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Palestinians in Syria's Khan al-Shih refugee camp demand end to bombardment

Oct. 11, 2016 10:13 P.M. (Updated: Oct. 12, 2016 8:05 P.M.)
Khan al-Shih residents protest bombardment of the refugee camp and demand UNRWA and other organizations resume activities (Credit: @SiegeWatch
BETHLEHEM (Ma’an) -- Residents of the Palestinian refugee camp of Khan al-Shih in war-torn Syria southwest of Damascus held a protest Tuesday condemning the bombardment of the camp and threats of heavier siege conditions.

A statement released on Facebook during the protest listed several demands from residents of the camp, including the end of all bombardments, securing safe passage for residents, providing bread for residents, reinstating UNRWA-run and social services for the besieged camp, while giving medicine to children, women, and the elderly in the camp, and resuming the provision of services from all foundations and institutions.

The statement went on to urge the Palestinian Liberation Organization (PLO) and all Palestinian factions to “fulfill their responsibilities in maintaining and protecting the camp,” while protecting its “refugee residents until they return back to their original homes in Palestine.”

Last week, two volunteer workers with the Jafra Foundation, a relief organization operating in Palestinian refugee camps across Syria, were killed during Russian airstrikes targeting the besieged camp.

Two other civilians were injured in the airstrikes.

The Jafra services team provides relief and assistance to 12,000 Palestinian refugees and around 800 internally displaced Syrian families seeking shelter inside the camp.

The Jafra Foundation released a statement at the time, saying that the “deadly attacks were preceded by a full week of heavy bombardment on the Camp, with 50 plus barrel bombs raining down in and around the outskirts of Khan al-Shih between Tuesday and Sunday evening.”

In the previous week, two teachers and four students were injured when a school operated by UNRWA, the UN agency for Palestinian refugees, was targeted by shelling, leaving some 2,000 refugee children without educational services.

Less than two months prior, 45-year-old Muhammad Mohsen, also a worker for the Jafra Foundation, was reportedly killed by a cluster bomb.
Khan al-Shih residents protest bombardment of the refugee camp and demand UNRWA and other organizations resume activities (Credit: @SiegeWatch)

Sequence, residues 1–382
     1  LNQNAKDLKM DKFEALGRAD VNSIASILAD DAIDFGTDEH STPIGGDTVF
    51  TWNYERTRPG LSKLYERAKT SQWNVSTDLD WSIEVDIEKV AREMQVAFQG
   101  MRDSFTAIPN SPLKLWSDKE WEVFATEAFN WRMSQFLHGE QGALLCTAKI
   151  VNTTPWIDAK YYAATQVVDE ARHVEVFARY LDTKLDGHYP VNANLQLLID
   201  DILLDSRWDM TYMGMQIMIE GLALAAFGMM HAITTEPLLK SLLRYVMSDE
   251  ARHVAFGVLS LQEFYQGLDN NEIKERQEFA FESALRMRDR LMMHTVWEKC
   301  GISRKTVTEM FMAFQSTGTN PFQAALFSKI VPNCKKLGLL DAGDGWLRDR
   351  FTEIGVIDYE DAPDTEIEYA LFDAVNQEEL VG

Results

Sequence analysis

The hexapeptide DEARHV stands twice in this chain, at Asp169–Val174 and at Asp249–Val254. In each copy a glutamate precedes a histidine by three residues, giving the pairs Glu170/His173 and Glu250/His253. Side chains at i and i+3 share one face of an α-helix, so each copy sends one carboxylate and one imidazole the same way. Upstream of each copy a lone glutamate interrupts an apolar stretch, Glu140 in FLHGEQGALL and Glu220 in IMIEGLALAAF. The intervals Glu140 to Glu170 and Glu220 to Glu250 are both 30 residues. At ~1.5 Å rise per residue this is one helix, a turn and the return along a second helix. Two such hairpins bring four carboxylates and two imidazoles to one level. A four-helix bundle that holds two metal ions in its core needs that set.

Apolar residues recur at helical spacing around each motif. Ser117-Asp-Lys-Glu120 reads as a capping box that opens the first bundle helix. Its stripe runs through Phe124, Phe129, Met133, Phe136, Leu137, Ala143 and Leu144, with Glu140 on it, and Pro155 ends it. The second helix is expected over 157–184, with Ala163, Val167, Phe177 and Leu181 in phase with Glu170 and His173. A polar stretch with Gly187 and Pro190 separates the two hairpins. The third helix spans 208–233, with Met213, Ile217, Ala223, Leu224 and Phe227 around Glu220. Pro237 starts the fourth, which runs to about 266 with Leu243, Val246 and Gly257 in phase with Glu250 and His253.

Khan al-Shih has experienced intensified armed conflict in recent months, resulting in an increasing number of casualties, including Palestine refugees and other civilians.

More than 25 civilians have reportedly been killed by heavy shelling, rockets, barrel and cluster bombs since May.

“Continued attacks in recent months have destroyed infrastructure, including a sewage pit, which has caused suffering and placed the health of all residents at risk,” the Jafra Foundation said in their statement.

Notably, airstrikes on July 4 destroyed a building housing the foundation’s Child Friendly Space, a center devoted to providing psychological support, recreation, and risk and hygiene awareness to over 1,900 children.

Khan al-Shih, once home to more than 30,000 civilians, has seen some 50 percent of its population displaced.

Due to a partial regime-imposed siege and its location between fighting parties, its some 9,000 residents -- including over 3,000 children and 1,000 elderly people -- suffer from dire humanitarian conditions and lack of medical services, according to the Jafra Foundation.

Khan al-Shih, in addition to the Yarmouk refugee camp, are among areas of active conflict where tens of thousands of Palestinian refugees have been concentrated since the Syrian conflict began in the form of peaceful protests in March 2011 and quickly morphed into a civil war, since leaving more than 400,000 people dead and millions displaced.

Over half a million Palestinians lived across nine refugee camps in Syria prior to the war, the descendants of some of the 750,000 Palestinians expelled from their homes during the establishment of Israel in 1948.

Syria's civil war has seen many of these families displaced a second time, with up to 280,000 displaced inside Syria, a further 110,000 displaced to neighboring countries, including Lebanon, Jordan, Turkey, Egypt, and increasingly, to Europe.

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